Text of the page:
Alicia Vikander as Gloria Steinem and Janelle Monáe as Dorothy Pitman Hughes in THE GLORIAS Courtesy of LD Entertainment and Roadside Attractions

Review: ‘The Glorias’

Entertainment

I recently had the pleasure of screening The Glorias, a biopic based on Gloria Steinem’s memoir, My Life on the Road.  It’s almost mindblowing, but within just my lifetime, women couldn’t open a checking account without their husband. An unmarried woman could not get birth control. Sexual harassment was not a crime. It was just an annoyance all women faced in the workplace. This is the America where Gloria Steinem became a feminist icon.  

Rather than take a straightforward journey from childhood to today, writer/director Julie Taymor frames this movie as a conversation between four different Glorias at four different ages, two of which are children and two of which are adults (Julianne Moore, Alicia Vikander, Ryan Kiera Armstrong, Lulu Wilson). The older, comfortable, mature adult Gloria has conversations with each of these younger versions. They discuss events, choices, and regrets as they relive the experiences that shaped Gloria Steinem and shaped what we think of feminism today.  

Steinem was always more intersectional in her views than some of her contemporary second-wave feminists, and the movie also reflects that. The movie also gives strong roles to many of the other women and especially women of color who fought for women’s rights including Dorothy Pitman Hughes (Janelle Monáe),  Florynce Kennedy (Lorraine Toussaint), Bella Abzug (Bette Midler), Dolores Huerta (Moneca Sanchez), and Barbara Jordan (Margo Moorer). Many of the scenes are less of Gloria Steinem doing something or saying something but of her listening or transcribing as others tell their stories. It’s a refreshing way to dodge what could have become a white savior trope.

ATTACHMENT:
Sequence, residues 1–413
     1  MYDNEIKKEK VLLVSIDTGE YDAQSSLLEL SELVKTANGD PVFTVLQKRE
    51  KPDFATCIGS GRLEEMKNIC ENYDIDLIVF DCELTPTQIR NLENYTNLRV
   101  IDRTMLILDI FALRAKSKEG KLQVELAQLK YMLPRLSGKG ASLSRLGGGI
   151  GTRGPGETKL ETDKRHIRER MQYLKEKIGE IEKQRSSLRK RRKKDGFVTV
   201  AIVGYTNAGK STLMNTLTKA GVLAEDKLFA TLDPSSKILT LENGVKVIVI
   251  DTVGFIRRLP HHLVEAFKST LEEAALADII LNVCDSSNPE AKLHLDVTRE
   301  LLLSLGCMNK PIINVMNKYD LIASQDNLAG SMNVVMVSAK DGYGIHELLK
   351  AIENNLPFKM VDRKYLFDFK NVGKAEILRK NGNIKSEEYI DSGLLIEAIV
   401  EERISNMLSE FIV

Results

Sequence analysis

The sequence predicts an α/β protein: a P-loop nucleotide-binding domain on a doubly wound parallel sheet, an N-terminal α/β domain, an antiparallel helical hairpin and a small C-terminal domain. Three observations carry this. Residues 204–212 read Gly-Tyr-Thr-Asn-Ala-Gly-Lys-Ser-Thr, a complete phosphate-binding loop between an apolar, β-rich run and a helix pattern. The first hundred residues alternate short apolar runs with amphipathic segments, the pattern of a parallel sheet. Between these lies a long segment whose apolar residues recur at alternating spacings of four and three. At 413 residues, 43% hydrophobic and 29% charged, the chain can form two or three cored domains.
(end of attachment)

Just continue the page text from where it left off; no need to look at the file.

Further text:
If there is a flaw in this movie it is that there’s too much story for one movie to tell. I couldn’t see any obvious instances where factual details were fictionalized (multiple characters compressed to one, etc.) but there were definitely moments where stories were skipped. Steinem’s marriage and her husband’s subsequent death were two sentences of dialog to a different character.

Covering so much material required other sacrifices. Many of the dramatic moments do not have time to linger and emotionally register. The funny moments don’t pause for a laugh. It all goes very quickly from transition to transition, timeline to timeline. Even so, this introduction works well to introduce older kids and young adults to this recent moment of feminist history and where we are today. I definitely recommend it over Hulu’s Mrs. America, but so does Steinem

The Glorias is available for purchase on Digital and Streaming exclusively on Prime Video starting September 30th.

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